Sunday, February 12, 2012

Did J. Davis Ever Celebrate Lincoln's B'day? (If Only He Had Moved to California ...)

Honest Abe couldn't catch a break when it came to holidays.
Postcard from the collection of Russell Hughes. 

Happy Lincoln's Birthday!

Growing up in the West, we were happy to celebrate the birthday of Honest Abe, since we got to take the day off from school on any February 12th that arrived on a school day. Later in the month, we also got to take February 22nd off, for Washington's Birthday. What a great month, was February, to my friends and I!

Leave it to the federal government to step in and curtail this joyous excess.

Federal meddling in our days off is just one of the curious aspects of February holidays. There is also the disparity between the Julian and Gregorian calendars and their impacts on poor Washington's Birthday. (More on that in our next blog post.)

In the case of Lincoln, the issue was that in the first century after the Civil War, not everybody in America liked Honest Abe enough to want to celebrate his birthday. Many of the states of the Old Confederacy, for example, preferred to mark the birthday of Jefferson Davis (and several still do).

                There is no question that Illinois is happy to mark the birthday of this son of Springfield. 
                                      Another vintage postcard courtesy of Russell Hughes.
So, it wasn't until 1874 that a movement began to make Lincoln's birthday a legal holiday. There were many attempts over the years to persuade Congress to take action on it, but they were never successful.

In 1909, as the 100th anniversary of Lincoln's birth approached, Teddy Roosevelt sought to issue a proclamation making February 12, 1909, a legal holiday. But Roosevelt was a Republican and Southern Democrats in Congress had enough power to stall the whole thing until February 11, 1909. Thus, by the time President Roosevelt was able to issue his proclamation, it was too late to have much of an impact.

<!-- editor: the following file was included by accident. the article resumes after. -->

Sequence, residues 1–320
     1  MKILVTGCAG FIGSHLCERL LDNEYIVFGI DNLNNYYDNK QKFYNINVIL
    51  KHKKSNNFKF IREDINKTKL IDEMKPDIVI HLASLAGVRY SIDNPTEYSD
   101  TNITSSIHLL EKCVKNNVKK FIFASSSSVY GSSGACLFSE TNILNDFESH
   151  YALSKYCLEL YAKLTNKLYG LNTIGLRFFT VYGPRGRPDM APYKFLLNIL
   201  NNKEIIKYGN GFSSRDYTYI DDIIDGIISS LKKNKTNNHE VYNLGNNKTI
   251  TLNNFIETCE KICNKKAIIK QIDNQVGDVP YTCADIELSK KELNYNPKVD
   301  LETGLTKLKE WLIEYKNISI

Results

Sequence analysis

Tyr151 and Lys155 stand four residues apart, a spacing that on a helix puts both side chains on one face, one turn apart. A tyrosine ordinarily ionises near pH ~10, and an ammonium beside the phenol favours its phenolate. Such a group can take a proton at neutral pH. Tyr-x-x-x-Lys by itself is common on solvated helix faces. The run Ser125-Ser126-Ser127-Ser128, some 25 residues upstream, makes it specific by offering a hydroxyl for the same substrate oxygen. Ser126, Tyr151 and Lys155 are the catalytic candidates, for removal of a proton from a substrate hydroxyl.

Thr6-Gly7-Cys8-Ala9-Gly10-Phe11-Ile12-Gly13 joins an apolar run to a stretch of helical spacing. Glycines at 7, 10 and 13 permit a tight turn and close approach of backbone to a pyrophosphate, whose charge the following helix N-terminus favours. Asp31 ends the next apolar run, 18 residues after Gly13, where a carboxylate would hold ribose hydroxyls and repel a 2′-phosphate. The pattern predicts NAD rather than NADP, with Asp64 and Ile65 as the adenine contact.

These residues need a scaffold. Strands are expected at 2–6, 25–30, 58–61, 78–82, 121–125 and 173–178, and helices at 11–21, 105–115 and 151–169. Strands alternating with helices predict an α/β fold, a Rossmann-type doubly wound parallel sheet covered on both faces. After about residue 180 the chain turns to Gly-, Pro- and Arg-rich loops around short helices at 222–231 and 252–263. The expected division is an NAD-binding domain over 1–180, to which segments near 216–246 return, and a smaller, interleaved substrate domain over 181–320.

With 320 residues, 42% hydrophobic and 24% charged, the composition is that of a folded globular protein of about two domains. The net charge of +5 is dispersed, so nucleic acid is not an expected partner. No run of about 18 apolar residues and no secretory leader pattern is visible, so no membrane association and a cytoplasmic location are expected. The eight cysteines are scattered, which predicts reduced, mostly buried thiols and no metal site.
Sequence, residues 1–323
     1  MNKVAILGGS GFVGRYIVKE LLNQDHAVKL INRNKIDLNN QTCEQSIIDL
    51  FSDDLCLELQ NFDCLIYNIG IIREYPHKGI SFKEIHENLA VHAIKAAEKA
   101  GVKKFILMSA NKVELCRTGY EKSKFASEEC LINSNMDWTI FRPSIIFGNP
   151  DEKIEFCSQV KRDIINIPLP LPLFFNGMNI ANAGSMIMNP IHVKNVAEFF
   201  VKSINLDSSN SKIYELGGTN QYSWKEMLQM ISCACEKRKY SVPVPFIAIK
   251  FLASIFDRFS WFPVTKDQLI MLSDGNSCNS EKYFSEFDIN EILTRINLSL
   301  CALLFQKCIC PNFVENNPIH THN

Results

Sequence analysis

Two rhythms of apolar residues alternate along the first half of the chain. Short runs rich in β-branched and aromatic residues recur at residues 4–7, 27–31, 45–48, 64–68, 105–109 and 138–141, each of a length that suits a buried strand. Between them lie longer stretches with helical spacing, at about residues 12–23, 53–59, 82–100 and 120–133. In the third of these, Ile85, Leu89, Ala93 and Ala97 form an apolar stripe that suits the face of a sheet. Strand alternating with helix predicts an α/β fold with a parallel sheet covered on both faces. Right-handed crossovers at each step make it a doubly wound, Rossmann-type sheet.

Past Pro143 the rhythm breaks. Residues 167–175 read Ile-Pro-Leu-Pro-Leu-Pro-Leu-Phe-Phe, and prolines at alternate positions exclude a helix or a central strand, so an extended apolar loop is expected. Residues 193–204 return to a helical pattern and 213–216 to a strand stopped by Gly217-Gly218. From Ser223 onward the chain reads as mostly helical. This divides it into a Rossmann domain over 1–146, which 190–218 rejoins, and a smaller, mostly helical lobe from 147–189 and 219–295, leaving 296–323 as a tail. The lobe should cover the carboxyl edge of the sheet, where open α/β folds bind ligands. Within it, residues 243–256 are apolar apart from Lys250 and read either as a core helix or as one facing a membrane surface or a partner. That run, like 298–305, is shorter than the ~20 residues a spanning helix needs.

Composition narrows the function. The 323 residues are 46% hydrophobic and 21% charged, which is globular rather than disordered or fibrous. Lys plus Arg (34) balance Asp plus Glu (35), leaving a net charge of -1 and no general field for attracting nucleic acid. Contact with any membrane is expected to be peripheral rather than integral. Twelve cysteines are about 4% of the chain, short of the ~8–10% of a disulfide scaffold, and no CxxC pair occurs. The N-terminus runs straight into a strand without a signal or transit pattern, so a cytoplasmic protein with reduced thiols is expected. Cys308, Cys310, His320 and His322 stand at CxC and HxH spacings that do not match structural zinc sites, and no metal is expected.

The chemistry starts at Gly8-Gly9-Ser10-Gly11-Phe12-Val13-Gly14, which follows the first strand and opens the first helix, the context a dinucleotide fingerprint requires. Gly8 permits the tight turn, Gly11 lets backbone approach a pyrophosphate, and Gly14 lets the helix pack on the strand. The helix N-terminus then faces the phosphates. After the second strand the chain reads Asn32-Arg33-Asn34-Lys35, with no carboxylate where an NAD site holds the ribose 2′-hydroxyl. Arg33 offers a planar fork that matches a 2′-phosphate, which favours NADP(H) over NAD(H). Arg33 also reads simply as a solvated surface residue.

After that, some states began to mark February 12 as a Lincoln's Birthday State Holiday--as my home state of California did. Ultimately, about thirty states did so. Alabama, where my father grew up, was not one of them!

In 1968, Congress passed the Uniform Holiday Act--effective 1971--which moved the Washington's Birthday celebration (honored on the 22nd though he was born on the 11th--as I said, more about that in my next post) to the third Monday in February. States that had marked two holidays in February could now consolidate the two into one and take the holidays on a Monday, giving everybody a three-day weekend.

President Nixon signed the proclamation, naming the holiday "Presidents' Day." Which was nice--though it did separate the men (Lincoln and Washington) from their birthdays. Not to mention that it also ruined the month for happy school children (in states that celebrated both days).

But the federal government can only proclaim days off for federal workers. So it was still up to the states to decide what to do.

Many states still call the third Monday in February "Washington's Birthday." Some states call it "Washington-Lincoln Day." Some call it "Presidents' Day,"along with the federal government.

Since this is America, we're allowed to disagree.

My cousins, who live in Mississippi, Alabama, and Georgia still call me "Yankee," for example.  I'm just pleased they are now leaving out the "Da---d" part of that phrase!

(Up next, an explanation of the eleven days we lost in the 18th century and why this confused everybody [except George Washington] about when to celebrate Washington's Birthday.)

Add to 
Google Reader or Homepage
Subscribe to Robin Chapman News


linda said...

how lucky am i to be born between honest and abe and cupid! :-)

Robin Chapman said...

You could be like my Aunt Ruth and have a birthday on the 28th, so you only would have to celebrate it every four years! Happy birthday on the 13th to you.

linda said...

thanks you but didn't you mean your aunt ruth's birthday is the 29th? true story, some friends of mine from church, had 2 children born on the 29th. local paper even did a story!

Don Meuler said...

It's so confusing now - I never know when to buy a mattress...

Robin Chapman said...

Thanks Linda, that is what I meant. She has to celebrate it on the 28th. Re Don and his mattress: whenever George Washington needs a new bridge, that's when you need to buy a mattress!